Resident Evil, Amnesia, Outlast, P.T., Soma, Layers of Fear- -the number of games bearing Clock Tower’s influence seems to be growing ever larger as years go by. This sea change in public opinion was such that series creator Hifumi Kono and the crew at Nude Maker even tried their hand at a spiritual successor to Clock Tower in 2016: The very lukewarm NightCry.
(dramatic music) (anooother high pitched scream) Sadly, Clock Tower 3 itself was an absolute commercial disaster, falling far short of the half-million sales goal set by Capcom. And critics were also none too keen on the game, panning it for its slow pace, its similarity to the old-school point-and-click format, and its relative lack of bam bam action when compared to the more and more combat heavy direction the shining stars like Resident Evil pivoted towards, especially with the shift brought about by 4. (SUPLEXXXX) - [Leon] "Hooah!!" - And so in many ways, Clock Tower 3 is yet another iconic, highly ambitious and pioneering horror game that is slowly deteriorating into a true “forgotten gem.” At the time of release of this video, there is no way to legally buy and play the game on any of the newer Playstations, 3, 4, or 5. The game was never released digitally on PSN in any countries, Japan included, and was never released on any other console than the PS2.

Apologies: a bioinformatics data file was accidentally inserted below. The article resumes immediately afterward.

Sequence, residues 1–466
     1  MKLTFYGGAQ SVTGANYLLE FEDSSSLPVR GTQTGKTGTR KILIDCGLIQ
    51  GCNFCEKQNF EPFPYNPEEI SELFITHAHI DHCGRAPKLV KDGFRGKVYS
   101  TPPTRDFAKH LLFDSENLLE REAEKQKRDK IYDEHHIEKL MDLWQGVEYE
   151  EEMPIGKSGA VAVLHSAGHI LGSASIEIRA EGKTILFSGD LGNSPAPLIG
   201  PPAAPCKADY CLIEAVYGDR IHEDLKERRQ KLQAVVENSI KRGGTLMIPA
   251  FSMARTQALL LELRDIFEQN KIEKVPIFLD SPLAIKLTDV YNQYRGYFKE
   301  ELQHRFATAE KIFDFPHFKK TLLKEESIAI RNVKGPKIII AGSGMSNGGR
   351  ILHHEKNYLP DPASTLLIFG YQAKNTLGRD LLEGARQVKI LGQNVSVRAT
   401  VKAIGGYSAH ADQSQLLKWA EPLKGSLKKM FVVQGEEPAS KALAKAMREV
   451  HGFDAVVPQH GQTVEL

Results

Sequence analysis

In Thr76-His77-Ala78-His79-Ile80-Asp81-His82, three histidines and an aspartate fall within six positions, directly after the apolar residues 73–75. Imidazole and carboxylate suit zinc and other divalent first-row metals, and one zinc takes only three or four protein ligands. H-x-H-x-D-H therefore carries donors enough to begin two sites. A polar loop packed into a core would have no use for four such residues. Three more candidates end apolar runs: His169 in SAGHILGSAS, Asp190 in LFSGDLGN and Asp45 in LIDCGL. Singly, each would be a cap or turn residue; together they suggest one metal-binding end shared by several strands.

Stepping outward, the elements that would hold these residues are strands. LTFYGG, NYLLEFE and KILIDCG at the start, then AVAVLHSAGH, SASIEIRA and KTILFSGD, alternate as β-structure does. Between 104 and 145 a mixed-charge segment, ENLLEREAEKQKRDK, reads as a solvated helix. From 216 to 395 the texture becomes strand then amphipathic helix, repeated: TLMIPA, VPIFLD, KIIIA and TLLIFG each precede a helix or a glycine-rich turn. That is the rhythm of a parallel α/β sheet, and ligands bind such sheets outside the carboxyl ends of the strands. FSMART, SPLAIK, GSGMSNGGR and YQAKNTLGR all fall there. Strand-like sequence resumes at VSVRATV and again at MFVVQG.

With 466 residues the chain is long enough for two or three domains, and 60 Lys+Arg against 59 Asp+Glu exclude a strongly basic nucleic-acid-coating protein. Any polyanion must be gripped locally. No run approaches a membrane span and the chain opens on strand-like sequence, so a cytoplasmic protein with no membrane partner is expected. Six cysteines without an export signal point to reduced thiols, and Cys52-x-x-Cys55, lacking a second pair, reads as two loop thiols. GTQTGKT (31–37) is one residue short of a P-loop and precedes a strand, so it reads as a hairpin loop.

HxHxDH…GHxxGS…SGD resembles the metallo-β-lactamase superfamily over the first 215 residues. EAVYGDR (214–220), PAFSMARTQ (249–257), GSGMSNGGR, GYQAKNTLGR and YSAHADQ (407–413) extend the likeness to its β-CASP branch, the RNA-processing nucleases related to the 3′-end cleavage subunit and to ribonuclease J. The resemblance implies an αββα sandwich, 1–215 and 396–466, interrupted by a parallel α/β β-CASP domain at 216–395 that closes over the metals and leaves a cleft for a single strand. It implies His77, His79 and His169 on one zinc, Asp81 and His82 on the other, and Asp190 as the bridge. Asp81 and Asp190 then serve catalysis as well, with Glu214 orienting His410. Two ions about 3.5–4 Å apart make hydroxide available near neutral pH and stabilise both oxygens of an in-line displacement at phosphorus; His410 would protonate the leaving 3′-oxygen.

Currently, a used copy of Clock Tower 3 of the US version will cost you easily between $75 and $100 US dollars. And new sealed copies will fetch easily triple the asking price of used ones, upwards of $300 dollars. And so, if you’ve watched my videos before, you already know the score: Emulation is pretty much the only way for most newly interested players to enjoy Clock Tower 3 in 2021.
There’s a link in the description of this video to a document with some helpful tips for setting up the PCSX2 emulator to run this game (which it does handsomely, I might add, as you can see in this video). - "Come on Alyssa!" - For survival horror devotees or anyone who enjoys a solid classic horror adventure, it’s more than worth your time to seek out and play, either via emulation or on the original hardware. Clock Tower 3 is a key piece of survival horror history.